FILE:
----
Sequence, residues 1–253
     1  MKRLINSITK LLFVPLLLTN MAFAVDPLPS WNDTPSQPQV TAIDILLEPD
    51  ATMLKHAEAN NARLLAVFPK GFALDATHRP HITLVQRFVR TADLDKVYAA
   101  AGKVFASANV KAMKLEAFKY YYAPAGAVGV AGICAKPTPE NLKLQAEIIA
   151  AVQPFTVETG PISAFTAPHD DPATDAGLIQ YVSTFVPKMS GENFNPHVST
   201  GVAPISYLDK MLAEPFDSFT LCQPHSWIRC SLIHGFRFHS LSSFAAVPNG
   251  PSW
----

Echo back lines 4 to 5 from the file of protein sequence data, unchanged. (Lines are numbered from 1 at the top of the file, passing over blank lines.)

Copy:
   101  AGKVFASANV KAMKLEAFKY YYAPAGAVGV AGICAKPTPE NLKLQAEIIA
   151  AVQPFTVETG PISAFTAPHD DPATDAGLIQ YVSTFVPKMS GENFNPHVST